Summer Guide: The Ballet Nacional of Cuba Steps Into BAM

Will any of the dancers make a permanent leap? Plus, summer dance picks.

After the Ballet Nacional de Cuba finishes its run at the Brooklyn Academy of Music, June 8 to 11, the question won’t only be “When will these dancers return?” but also “Which of these dancers might stay here?” The last time the company came through New York, in 2003, five dancers defected. The previous year saw triple that count. In 2005, Rolando Sarabia made a high-profile jump, walking across the border from Mexico and heading for Miami, where most defecting dancers go to await nearly guaranteed political asylum. In Toronto this March, five more made the break, and the possibilities for defections this visit are as alive as the troupe’s nonagenarian founder, Alicia Alonso.

Defection: It’s such a 20th-century term, especially in the vocabulary of ballet, where it trails associations with Nureyev, Makarova, Baryshnikov, and a time when ballet was front-page news. The Cubans grabbed headlines back then, too; in 1966, in Paris, 10 defectors embarrassed Alonso and her patron, Fidel. But as Communist Cuba has outlasted the Soviet Union, ballet defections live on with it oddly, relics of the Cold War, like so much else in U.S.-Cuba relations. Wet foot, dry foot, pointed foot.

Now as then, dancers cite “artistic freedom” as their motive, the chance to stretch themselves in contemporary works not approved by the authorities. Less stressed is the fact that, for example, the four 2003 defectors who ended up at the Cincinnati Ballet were soon making twice as much in a week as they would’ve in a year back home. Post-defection comments acknowledge the lure of international stardom more openly, the desire to join the many Cubans showing off their envied, state-funded classical training in the world’s top companies. There are the defectors whom the Cuban government might or might not ban from returning home—the Feijóo sisters in San Francisco and Boston. And then there are those who received Alonso’s permission and can come and go freely: Carlos Acosta, a superstar in London and a hero in Havana; José Manuel Carreño, whose solid 16-year run with American Ballet Theatre ends June 30.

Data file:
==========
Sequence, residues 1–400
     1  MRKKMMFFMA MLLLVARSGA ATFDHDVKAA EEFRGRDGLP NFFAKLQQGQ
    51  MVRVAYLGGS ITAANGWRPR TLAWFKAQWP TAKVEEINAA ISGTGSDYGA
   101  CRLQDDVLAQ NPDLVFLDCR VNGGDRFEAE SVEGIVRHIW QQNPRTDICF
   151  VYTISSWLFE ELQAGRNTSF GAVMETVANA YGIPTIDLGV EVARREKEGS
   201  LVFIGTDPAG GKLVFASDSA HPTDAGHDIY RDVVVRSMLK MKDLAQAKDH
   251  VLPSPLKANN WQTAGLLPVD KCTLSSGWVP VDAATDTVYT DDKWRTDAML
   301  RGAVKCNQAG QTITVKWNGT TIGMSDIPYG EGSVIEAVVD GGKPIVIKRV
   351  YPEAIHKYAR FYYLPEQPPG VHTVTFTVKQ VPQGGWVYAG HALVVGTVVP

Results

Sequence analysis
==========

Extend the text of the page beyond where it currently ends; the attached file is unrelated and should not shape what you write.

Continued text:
La Magia de la Danza: The classics via Havana
Nancy Reyes
La Magia de la Danza: The classics via Havana
Susan Marshall's Adamantine blows into BAC.
Rosalie O'Connor
Susan Marshall's Adamantine blows into BAC.

Alonso was in at Ballet Theatre’s founding; by the time American was appended to the front, in 1956, she was in exile from the Batista regime. She returned to Cuba three years later, on the heels of the revolution that converted her Ballet Alicia Alonso into the Ballet Nacional and incited the U.S. embargo that kept ABT out of her International Ballet Festival for a half-century. A lot happened in those 50 years, but ABT’s trip to Havana last November was evidence of what used to be called a thaw. So is the ¡Sí Cuba! Festival in New York, two months of Cuban arts and culture with the Ballet Nacional at the end.

Ann Rosenthal of MAPP Productions, which brought the treasured Afro-Cuban rumberos Los Muñequitos de Matanzas back this month after a decade-long absence, describes a loosening of restrictions after the Bush administration, which had denied visa applications or just let them languish. Even under Obama, though, the visa process is mysterious: “We’re never really told exactly what is going on.” The Muñequitos were approved, individually, a week before their tour began. On the island side, as the Muñequitos are seen to pose little defection risk, the Cuban authorities were more concerned that the group’s members—who under U.S. law cannot be paid—would be adequately accommodated.

La Magia de la Danza, the Ballet Nacional’s program at BAM, is a gala-type patchwork of excerpts from the 19th-century classics that the company maintains the way Havana mechanics do finned Chevys—as vehicles of pre-embargo style, in the mode of Alonso’s prime. It’s a program, that is, apt to display the value of the troupe’s dancers on the international market and also why they might want to flee. Viengsay Valdés, the reigning ballerina, will doubtlessly be effervescent in her endless balances. Yet excepting her, reports on La Magia in London last year spoke of deterioration, decline. Castro, enfeebled, has ceded power to his brother, but Alonso, whom career-long blindness has never stopped, will name no successor. Now, as the Cuban state begins to retrench, its storied ballet troupe may have to look to its defectors for guidance on how to thrive in a freer market.

Ballet Nacional de Cuba, June 8 to 11, Brooklyn Academy of Music, 30 Lafayette Street, Brooklyn,

Summer Dance Picks

Gotham Dance Festival
June 1–12
Another festival? Well, it’s one way for up-and-coming choreographers to build audiences at the midsize Joyce without the gamble of a week on their own. Here, four deserving troupes—led respectively by Brian Brooks, Monica Bill Barnes, Kate Weare, and Patrick Corbin—each get two or three evenings to fill, while two weekend matinees sample six more groups. Weare’s is the most promising, but Corbin’s has a ringer, the man who replaced (and surpassed) him as God of Paul Taylor Land: Michael Trusnovec. Joyce Theater, 175 Eighth Avenue,

Trisha Brown Dance Company
June 9–11
Here’s an inspired idea. Forty years ago, Brown scattered a “Roof Piece” across the tops of Soho buildings, a kind of relay in semaphore, a magical stunt in public art that was captured on film but not repeated since. How about if she did it again, but all around the High Line, a public park that already plays perspective games with the area’s architecture? That’s what’s happening, and it’s as close to a sure thing as any event this serendipitous gets. The High Line, Gansevoort Street to West 20th Street,

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